“Van der Valk”– Going Dutch
This quirky three-episode police procedural on Masterpiece Theater follows a sullen, street-smart Dutch detective, Piet Van der Valk (Marc Warner), who navigates the seedier side of lively Amsterdam. Each two-hour episode of Van der Valk involves a distinct crime that can be watched on its own.
Solving convoluted crimes using astute human observation and inspired detection, Van der Valk is successful, in part, due to the support of Inspector Lucienne Hassell (Maimie McCoy) and rookie Officer Job Cloovers (Elliot Barnes Worrell). Cloovers is a brilliant, nerdy intern who is barely tolerated by the sometimes overbearing Van der Valk.
Since Van Der Valk investigates with little regard for police ethics or policies, his exasperated boss, Chief Inspector Dahlman (Emma Fielding), is often on the verge of firing him. His partner, Lucienne, as second-in-command, tolerates his antics and supports him, and suspects he is possibly deeply damaged, sometimes revealing touching moments.
The first episode, “Love in Amsterdam”, deals with a political campaign pitting an alt-right wing politician against a progressive, popular candidate for mayor. With two murders involving his campaign workers and a surprise romantic connection, the progressive candidate’s pending scandal may cause the end of his career.
In the second episode, “Only in Amsterdam,” a Muslim worker at an addiction clinic is found dead. Evidence from a religious book of erotic rituals connects her murder to a Catholic nun and two academics who specialize in this arcane religious cult.
In episode three, “Death in Amsterdam”, a fashion vlogger with a number of enemies is found dead. Cloovers takes a particular interest in the case since he follows that vlogger’s posts. In this finale, we see why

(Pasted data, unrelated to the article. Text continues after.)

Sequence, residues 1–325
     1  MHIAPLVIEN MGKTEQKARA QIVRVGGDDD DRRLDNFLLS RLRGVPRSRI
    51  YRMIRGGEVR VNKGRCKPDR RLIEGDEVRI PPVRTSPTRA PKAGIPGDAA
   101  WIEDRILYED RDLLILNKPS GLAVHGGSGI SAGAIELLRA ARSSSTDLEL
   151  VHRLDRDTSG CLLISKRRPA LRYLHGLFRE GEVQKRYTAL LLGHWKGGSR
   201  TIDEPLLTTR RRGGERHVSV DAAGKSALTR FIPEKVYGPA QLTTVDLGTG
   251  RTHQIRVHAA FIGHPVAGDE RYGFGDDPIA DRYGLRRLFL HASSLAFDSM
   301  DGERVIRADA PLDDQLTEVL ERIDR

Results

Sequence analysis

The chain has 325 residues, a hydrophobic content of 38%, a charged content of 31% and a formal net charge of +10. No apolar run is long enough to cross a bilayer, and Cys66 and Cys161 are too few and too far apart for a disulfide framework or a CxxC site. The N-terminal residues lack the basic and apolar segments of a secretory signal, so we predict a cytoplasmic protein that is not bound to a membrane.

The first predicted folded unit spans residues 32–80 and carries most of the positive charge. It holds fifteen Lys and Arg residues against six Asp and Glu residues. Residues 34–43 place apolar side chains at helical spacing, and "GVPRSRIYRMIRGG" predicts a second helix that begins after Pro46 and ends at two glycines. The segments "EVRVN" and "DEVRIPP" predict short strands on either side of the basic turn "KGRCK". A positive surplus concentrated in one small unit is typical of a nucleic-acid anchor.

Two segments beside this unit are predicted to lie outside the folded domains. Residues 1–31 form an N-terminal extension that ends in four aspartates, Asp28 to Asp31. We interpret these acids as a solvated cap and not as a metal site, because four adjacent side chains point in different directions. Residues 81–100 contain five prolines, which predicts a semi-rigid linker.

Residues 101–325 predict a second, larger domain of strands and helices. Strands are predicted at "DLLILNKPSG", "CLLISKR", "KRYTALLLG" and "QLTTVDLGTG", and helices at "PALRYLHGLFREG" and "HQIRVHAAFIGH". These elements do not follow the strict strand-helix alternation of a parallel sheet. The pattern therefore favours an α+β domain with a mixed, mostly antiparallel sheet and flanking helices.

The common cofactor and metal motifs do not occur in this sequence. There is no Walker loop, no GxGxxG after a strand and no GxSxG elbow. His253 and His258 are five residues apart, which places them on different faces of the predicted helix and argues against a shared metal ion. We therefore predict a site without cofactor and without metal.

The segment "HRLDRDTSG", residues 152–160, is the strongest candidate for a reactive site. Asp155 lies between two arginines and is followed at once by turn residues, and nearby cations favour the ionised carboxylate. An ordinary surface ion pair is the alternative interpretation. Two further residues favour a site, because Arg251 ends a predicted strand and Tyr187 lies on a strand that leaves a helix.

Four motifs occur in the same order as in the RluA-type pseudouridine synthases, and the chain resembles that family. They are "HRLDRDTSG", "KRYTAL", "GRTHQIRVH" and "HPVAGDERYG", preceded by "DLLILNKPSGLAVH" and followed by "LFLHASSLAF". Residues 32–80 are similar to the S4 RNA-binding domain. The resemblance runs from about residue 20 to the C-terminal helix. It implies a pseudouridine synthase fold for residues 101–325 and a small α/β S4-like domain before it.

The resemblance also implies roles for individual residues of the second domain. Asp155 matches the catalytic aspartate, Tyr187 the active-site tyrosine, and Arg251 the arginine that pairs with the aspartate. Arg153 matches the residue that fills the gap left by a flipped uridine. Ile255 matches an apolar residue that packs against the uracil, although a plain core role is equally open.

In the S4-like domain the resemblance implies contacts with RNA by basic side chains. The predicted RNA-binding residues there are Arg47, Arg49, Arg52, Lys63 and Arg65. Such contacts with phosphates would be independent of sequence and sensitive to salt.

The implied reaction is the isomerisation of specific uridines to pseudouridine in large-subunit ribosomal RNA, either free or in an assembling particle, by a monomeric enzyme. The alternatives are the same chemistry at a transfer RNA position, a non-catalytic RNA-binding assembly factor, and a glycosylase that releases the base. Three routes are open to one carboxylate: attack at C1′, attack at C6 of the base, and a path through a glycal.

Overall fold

Inspector Van Der Valk is irritating and unlikable, a guarded cipher no more. His proclivity towards wrong-headed romantic hook-ups also gets some closure, although maybe a bit later than the mini-series warrants.
Having Van der Valk’s second lieutenant, Lucienne, be a lesbian police officer, not his romantic interest (as in the majority of male-female detective teams on screen and in mysteries) makes for a more original and idiosyncratic relationship between the two. And in spite of–perhaps because — they see each other’s flaws, the two detectives feel even more respect and affection for each other.
The red herrings are often subtle with clues that do not reveal the perpetrator, taking the reviewer on a tangent to another purported murderer. While Van der Walk has wonderful twisted plots, sometimes it is difficult to follow the path of clues, with many characters’ names to remember and clues stacked more heavily in the second half of each episode than the first. As a consequence of clue-stacking during the last half-hour, the middle of each episode sometimes sags as the pacing slows.
An entertaining, challenging set of mysteries to solve, the second and third episodes of Van der Valk are more cleverly constructed than the first.
Availability: On pbs.org